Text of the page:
Building Beehives For Dummies
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Side bars for your Langstroth hive frames have a wide profile at the top and taper to a more narrow profile at the bottom. This tapered shape provides the correct distance between frames and allows for the proper bee space around and in between the frames so that bees can travel freely (and so they won't glue the frames together).

Each end bar has a notch at the top to accommodate the top bar and a notch at the bottom to accommodate the bottom bar. Follow these steps and refer to the following figure to make the cuts for side bars. The basic steps are identical for deep, medium, and shallow side bars. Make these cuts using your table saw or a table router if you have one.

It's easiest to make frames assembly-line fashion — set up your work space for making one particular cut and then repetitively make that cut on all the pieces that call for it. For example, cut out all the top notches on all the side bars before readjusting your tools and measurements and moving on to the bottom notches.

  1. Create the taper by removing 3/16 inch of material from each vertical edge of the bar.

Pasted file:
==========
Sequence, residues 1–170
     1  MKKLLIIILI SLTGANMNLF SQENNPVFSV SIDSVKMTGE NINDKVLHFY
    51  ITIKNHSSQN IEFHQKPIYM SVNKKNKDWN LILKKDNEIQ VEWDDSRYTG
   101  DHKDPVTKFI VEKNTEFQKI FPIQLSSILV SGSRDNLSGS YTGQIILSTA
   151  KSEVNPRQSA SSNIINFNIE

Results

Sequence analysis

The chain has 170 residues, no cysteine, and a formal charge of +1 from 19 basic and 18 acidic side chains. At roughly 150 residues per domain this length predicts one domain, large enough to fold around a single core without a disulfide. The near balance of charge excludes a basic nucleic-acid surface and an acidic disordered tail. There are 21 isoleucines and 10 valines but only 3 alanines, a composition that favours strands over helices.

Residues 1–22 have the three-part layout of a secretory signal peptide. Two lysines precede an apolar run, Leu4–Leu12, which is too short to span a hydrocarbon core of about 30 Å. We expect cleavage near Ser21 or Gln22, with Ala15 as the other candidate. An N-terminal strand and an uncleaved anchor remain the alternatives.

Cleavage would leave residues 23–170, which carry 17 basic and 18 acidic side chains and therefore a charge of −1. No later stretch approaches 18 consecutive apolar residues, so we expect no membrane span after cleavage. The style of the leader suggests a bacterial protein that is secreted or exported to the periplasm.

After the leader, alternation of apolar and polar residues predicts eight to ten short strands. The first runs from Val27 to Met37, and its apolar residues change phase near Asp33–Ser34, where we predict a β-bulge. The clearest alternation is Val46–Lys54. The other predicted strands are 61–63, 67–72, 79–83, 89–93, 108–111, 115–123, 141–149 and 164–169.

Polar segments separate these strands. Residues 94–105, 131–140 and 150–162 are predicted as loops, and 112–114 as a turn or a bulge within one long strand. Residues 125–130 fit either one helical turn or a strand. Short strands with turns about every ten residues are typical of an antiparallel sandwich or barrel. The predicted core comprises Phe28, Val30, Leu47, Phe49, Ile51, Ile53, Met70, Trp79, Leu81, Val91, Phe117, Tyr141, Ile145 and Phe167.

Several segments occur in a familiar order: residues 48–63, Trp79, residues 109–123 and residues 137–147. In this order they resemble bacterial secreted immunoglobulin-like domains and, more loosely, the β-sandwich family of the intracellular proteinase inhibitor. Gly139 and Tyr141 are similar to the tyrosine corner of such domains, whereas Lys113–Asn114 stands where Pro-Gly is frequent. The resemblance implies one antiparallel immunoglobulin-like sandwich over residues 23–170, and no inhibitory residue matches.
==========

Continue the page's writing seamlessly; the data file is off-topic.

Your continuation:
Note that the lower portion of the side bar is more narrow than the upper portion. Refer to the call-outs on the figure to determine where to begin the taper.

  2. Cut a notch 7/8 inch wide by 7/16 inch deep at the top of the bar.

    The top bar will snap into this notch when you assemble the frame.

  3. Cut a notch 3/4 inch wide by 3/8 inch deep at the bottom of the bar.

    The bottom bar will snap into this notch when you assemble the frame.

    [Credit: Illustration by Felix Freudzon, Freudzon Design]
    Credit: Illustration by Felix Freudzon, Freudzon Design

About This Article

This article is from the book:

About the book author:

C. Marina Marchese is an author, beekeeper, and honey sensory expert. She is also the founder of the American Honey Tasting Society and the Red Bee ® brand.

Howland Blackiston is the bestselling author of Beekeeping For Dummies and Building Beehives For Dummies, and founding board member and past president of Con­necticut’s Back Yard Beekeepers Association.

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